Poverty is a blight, a disease, a cancer, a kind of rust that never sleeps as it erodes dignity and injects anxiety into the host, slowly saturating the soul and taking the body for itself. Poverty is the manifestation of failure, sometimes deserved, sometimes not, but once marked the stain lasts forever. Recovery is slow, and the heart never fully heals.
It’s always the math. That math consumes the mind in feverish, compulsive ways. The math and the questions. How much is left? How many days til payday? Til there’s more? What bill to pay? What can I not pay? How much do I have per day? Can I make it? How many meals can I get from a pound of hamburger? Count, count, count. Try to calculate the amount of pay and subtract the bills and do it over and over hoping I didn’t forget anything. Hoping the balance will be more. Wait. Did I forget something? Do it again just to be sure.
The stress of being at the mercy of a system that doesn’t care and in which work is survival, not fulfilment, takes a toll. In a “bust” economy I was always one bad day away from no more paydays. I couldn’t speak up and that was killing me. To see an injustice go unmentioned fed those fires called rage and shame. I was trapped. I couldn’t breathe.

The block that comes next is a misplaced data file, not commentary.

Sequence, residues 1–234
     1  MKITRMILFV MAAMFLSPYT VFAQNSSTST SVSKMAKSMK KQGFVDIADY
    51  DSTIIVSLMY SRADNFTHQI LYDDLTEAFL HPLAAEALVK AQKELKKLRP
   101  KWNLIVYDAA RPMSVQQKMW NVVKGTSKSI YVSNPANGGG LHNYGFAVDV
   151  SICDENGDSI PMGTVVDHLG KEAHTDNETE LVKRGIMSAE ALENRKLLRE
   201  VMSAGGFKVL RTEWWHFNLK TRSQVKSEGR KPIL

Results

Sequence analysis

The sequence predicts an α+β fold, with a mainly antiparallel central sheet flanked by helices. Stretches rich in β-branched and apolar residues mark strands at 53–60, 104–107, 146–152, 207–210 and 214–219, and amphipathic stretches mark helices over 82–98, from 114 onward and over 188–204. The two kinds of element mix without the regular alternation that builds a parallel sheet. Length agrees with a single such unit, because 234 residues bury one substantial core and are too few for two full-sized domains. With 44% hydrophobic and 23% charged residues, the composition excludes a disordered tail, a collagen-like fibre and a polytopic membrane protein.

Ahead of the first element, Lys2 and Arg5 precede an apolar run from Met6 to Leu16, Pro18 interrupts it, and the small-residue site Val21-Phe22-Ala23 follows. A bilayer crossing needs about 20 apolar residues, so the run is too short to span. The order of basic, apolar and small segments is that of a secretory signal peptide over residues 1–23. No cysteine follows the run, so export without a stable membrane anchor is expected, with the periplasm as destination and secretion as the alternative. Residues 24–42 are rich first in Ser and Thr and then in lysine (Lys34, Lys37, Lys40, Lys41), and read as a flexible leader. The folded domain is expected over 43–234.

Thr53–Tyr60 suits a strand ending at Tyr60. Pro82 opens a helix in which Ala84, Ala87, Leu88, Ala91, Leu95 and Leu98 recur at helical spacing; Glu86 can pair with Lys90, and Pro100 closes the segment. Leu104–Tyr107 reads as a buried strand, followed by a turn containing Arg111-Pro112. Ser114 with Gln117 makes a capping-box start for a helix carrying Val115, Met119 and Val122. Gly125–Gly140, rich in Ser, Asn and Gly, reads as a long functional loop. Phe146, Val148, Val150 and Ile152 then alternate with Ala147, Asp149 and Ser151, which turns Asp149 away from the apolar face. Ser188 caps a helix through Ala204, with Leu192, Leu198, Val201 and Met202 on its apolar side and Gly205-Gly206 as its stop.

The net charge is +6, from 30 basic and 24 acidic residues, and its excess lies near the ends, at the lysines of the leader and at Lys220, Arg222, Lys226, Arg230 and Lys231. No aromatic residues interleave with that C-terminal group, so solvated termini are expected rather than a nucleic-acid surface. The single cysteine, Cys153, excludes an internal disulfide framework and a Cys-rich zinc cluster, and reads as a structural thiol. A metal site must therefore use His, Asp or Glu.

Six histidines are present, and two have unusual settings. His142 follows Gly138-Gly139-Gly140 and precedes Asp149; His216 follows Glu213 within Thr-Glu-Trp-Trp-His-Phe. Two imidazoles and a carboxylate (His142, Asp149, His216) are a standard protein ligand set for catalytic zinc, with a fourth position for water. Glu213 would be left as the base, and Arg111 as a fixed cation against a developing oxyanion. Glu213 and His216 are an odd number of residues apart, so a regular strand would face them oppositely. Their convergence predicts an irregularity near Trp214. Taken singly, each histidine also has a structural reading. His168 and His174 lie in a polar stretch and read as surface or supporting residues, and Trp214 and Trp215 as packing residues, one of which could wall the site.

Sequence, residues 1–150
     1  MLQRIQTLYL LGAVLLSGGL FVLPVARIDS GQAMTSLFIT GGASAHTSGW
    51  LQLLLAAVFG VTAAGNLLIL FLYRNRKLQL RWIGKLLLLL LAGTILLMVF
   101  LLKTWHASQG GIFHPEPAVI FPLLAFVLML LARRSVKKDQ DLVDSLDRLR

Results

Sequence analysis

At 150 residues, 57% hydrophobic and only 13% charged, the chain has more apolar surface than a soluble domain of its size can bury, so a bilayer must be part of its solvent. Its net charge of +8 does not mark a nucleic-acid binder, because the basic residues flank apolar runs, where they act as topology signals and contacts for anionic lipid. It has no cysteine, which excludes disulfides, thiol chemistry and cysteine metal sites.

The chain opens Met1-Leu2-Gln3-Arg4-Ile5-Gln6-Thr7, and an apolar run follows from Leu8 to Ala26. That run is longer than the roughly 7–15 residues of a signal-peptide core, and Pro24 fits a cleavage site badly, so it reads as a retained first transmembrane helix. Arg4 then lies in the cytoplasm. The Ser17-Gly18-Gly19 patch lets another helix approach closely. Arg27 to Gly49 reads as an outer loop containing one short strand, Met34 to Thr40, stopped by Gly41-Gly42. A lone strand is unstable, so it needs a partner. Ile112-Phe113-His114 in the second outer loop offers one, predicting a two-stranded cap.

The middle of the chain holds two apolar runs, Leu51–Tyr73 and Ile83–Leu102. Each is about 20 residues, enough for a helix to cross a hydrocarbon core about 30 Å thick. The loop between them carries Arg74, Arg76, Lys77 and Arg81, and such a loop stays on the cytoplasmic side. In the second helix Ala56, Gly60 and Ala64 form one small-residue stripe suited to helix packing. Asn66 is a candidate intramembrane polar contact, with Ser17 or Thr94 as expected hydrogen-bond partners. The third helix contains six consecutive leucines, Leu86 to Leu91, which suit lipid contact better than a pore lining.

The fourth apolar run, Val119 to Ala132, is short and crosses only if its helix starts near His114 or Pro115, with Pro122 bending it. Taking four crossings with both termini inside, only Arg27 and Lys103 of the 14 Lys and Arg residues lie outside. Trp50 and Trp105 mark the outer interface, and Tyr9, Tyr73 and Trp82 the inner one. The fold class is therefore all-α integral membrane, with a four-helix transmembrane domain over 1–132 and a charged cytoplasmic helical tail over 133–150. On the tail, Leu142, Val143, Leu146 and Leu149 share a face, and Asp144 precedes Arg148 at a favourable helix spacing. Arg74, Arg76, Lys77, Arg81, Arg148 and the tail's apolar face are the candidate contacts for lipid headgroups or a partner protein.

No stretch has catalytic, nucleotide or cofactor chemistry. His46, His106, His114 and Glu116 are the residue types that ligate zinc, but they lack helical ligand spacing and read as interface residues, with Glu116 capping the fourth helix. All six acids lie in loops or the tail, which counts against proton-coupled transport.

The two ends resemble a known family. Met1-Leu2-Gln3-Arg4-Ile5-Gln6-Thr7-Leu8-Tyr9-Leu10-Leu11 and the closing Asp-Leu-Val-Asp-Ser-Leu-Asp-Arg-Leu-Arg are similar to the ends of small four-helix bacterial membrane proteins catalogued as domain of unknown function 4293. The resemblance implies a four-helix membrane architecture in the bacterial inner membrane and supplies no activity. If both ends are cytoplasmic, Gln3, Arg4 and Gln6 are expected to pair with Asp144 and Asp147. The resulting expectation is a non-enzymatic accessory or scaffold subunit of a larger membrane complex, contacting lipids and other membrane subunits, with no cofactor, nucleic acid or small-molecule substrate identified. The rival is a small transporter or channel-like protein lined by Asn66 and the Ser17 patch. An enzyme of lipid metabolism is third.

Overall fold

My only move was lateral. Same shit, different pile. Having no money means having no choice means having no freedom. That is sad, simple math. You start at zero and go down from there.
So I put my head down and endured the gauntlet and, through sheer force of will, I found a kernel of hope untouched by the rust and hid it away. My secret antidote, so small yet so potent. It’s this tiny morsel of hope that saw me through to better days, allowed me to face another grey day. A day that was the same as all the yesterdays. A day that will be relived tomorrow.
But one day the sun did come and burned away the questions and the math, and killed the infection. Sleep came, I could listen to music, I found funny things funny, and, with a bit of practice, became good at laughing.
I shake my head and wonder how I made it through. I keep a tiny kernel of despair among all my hope and light. I want to remember what it was like so gratitude becomes my new infection. This is my inoculation.
Money doesn’t buy happiness but it can pave the road, smooth out the bumps, and facilitate a way to happiness.
I’ve been broke and I’ve been flush. I don’t question which is better. That is simple math that requires no thought at all.